Let’s say that you meet someone at a party named Paris Hyatt, and you want to contact that person. Great, she gives you her phone number. Ready? 742-594-6734. Woah, I can’t remember that. Can you tell me again & I’ll type it in my cell phone?
Let’s say that you then meet someone else named London Sheraton. You also want to contact this person, but she says “just go to londonsheraton.com.” Great, that’s easy to remember.
Now, londonsheraton.com maps to an IP address like 220.127.116.11, but London didn’t have to tell you that.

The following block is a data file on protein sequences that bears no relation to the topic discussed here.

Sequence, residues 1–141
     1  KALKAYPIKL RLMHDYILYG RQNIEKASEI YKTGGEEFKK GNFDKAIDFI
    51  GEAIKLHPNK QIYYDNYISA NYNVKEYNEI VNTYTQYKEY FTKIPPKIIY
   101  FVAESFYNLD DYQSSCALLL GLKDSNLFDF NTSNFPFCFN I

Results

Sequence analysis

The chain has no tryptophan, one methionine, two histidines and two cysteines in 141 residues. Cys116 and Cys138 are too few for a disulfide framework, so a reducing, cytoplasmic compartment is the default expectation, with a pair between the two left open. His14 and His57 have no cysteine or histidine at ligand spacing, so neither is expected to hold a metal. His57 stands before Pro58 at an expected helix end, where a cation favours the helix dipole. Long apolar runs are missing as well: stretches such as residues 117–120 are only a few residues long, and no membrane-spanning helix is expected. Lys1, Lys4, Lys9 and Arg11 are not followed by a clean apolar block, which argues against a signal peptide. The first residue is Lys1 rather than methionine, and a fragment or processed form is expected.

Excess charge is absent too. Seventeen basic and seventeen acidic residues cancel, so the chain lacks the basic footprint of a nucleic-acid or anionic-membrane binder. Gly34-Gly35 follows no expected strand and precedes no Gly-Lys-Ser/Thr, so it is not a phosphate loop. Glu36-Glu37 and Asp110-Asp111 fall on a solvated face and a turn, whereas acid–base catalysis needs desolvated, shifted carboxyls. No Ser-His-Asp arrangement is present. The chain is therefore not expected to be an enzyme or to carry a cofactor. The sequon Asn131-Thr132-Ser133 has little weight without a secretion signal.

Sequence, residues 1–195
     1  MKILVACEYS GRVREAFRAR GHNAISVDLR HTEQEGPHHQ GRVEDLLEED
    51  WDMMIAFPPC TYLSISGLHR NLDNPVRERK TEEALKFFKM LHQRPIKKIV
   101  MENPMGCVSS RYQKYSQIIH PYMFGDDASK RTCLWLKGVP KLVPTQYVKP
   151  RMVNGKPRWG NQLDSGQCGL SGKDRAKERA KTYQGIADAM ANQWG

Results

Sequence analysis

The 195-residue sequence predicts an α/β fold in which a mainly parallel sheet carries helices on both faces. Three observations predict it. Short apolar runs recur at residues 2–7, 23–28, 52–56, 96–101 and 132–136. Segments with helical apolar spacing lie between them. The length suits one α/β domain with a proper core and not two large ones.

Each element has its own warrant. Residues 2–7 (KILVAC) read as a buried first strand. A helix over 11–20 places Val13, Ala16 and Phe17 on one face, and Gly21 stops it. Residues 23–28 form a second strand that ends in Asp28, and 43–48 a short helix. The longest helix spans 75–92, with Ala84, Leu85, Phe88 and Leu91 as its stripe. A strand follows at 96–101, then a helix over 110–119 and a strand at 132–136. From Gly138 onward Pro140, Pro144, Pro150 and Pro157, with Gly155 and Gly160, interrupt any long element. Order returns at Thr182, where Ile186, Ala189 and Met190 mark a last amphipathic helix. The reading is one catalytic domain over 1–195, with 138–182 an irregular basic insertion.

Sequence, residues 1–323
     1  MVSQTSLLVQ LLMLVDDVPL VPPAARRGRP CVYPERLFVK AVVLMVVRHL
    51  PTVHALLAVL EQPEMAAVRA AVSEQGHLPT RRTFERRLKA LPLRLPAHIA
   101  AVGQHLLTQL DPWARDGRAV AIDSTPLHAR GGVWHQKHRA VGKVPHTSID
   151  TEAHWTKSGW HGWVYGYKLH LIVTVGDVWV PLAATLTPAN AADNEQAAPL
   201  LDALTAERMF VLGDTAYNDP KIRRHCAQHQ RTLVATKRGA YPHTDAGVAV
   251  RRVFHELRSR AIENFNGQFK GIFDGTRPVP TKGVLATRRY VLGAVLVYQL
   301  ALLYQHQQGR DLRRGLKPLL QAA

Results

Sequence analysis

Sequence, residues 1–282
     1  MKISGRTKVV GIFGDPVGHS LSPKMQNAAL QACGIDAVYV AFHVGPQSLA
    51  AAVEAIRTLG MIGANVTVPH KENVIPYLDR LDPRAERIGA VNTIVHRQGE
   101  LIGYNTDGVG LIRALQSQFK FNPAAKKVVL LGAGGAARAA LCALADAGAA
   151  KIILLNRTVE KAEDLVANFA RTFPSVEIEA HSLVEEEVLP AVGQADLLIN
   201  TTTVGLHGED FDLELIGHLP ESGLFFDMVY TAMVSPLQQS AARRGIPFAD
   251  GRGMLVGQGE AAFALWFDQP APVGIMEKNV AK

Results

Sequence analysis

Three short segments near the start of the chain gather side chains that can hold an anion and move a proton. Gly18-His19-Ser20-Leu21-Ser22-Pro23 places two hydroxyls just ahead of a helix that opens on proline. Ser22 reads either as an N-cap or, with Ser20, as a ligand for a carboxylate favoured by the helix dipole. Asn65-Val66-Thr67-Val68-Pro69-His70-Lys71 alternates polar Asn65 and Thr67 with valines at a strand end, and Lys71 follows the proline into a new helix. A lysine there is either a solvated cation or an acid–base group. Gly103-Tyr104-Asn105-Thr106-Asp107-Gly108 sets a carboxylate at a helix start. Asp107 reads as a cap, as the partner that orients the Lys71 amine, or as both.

Similarly, Paris shouldn’t have needed to tell you 742-594-6734. She should have been able to give you a friendly phone number like parishyatt.com.
In other words, phone numbers are like IP addresses. They expose a technical detail of the old phone system (e.g. 212 used to physically tell the switches to route to New York) that we shouldn’t have to deal with. So just like the DNS system for IP addresses, we should have a “DNS” system for phone numbers. So I can literally dial londonsheraton.com.
SIP helps because you can call firstname.lastname@example.org, but that doesn’t apply to most phones. ENUM solves this by mapping +1-202-555-1234 to 18.104.22.168.22.214.171.124.0.2.1.e164.arpa, assuming that you set up a DNS mapping from friendlyname.com to that .arpa address. So we’re almost there…